Divertimento for Violoncello and Percussion (Fine, Vivian)
|Work Title||Divertimento for Violoncello and Percussion|
|Year/Date of Composition||1951|
|First Performance||1962-08-09, Storm King Art Center, Mountainville, New York
|Average Duration||5 minutes|
|Instrumentation||Cello, timpani, snare-drum, cymbal, tambourine, and wood-block|
…A lively duet for an unlikely combination…
- —Raymond Ericson, The New York Times, May 17, 1972
More impressive was Vivian Fine’s brief but bright Divertimento for Violoncello and Percussion….
- —Milton Berliner, The Washington Daily News, January 9, 1964
…involved the soloist in some astounding gymnastics; it was indeed quite diverting—both to the eye and the ear….
- —Irving Lowens, The Washington Evening Star, June 9, 1964
Ms. Fine…made contrast prevail in this piece. While the ‘cello plays fluid, lyric lines, the percussion section emits tense, rhythmically complex statements. Yet there was much more than rhythmicized sound. The different instruments lent variety to both texture and pitch. The piece was played twice, and the second time order within the complexity became more apparent. The audience was enthusiastic.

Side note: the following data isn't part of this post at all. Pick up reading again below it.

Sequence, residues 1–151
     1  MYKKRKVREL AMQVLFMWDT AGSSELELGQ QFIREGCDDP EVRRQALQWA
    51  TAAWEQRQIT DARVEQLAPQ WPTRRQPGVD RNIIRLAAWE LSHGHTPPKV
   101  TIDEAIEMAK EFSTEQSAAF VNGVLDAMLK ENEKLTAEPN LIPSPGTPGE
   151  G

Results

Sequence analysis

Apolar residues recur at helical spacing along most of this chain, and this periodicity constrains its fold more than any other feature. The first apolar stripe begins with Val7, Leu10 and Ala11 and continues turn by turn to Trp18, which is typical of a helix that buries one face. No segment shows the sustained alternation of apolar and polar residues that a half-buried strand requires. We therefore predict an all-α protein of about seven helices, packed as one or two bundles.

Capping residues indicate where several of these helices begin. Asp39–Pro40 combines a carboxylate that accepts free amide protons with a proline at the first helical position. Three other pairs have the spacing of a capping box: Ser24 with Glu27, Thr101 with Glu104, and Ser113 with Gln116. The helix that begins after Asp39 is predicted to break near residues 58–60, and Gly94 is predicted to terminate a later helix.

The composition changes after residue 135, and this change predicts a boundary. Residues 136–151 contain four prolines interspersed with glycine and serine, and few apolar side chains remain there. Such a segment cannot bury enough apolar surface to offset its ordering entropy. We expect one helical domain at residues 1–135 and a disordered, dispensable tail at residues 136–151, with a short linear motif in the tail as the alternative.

- —Constance Mersel, Poughkeepsie Journal, November 1, 1962
The Divertimento was written in 1951 and has been widely performed. It was originally written for a percussionist and his cellist wife. They were taken aback by the idiom—perhaps expecting something “typical” for cello and drumming—and never performed the work. The dramatic dialogue between the players contrasts the linear quality of the cello with the more varied sounds of percussion.
- —Vivian Fine
The Divertimento divides into four sections forming a loose ABA pattern. The A material is an active cello melody displaying Fine’s penchant for writing a well-articulated but tonally free line. The percussion is heard as an accompaniment. The B sections place more emphasis on the percussion, sometimes creating duets between the ensemble and cello or isolating individual colors, such as timpani and cello.
Fine’s reuse of material is always clever, and like in her earlier music, avoids exact repetition. For example, the cello’s beginning pitches…become a playful four-measure elaboration during measures 110-114, delaying the return of the original melody, which has a new percussion accompaniment.
- —Heidi Von Gunden, The Music of Vivian Fine, Scarecrow Press, 1999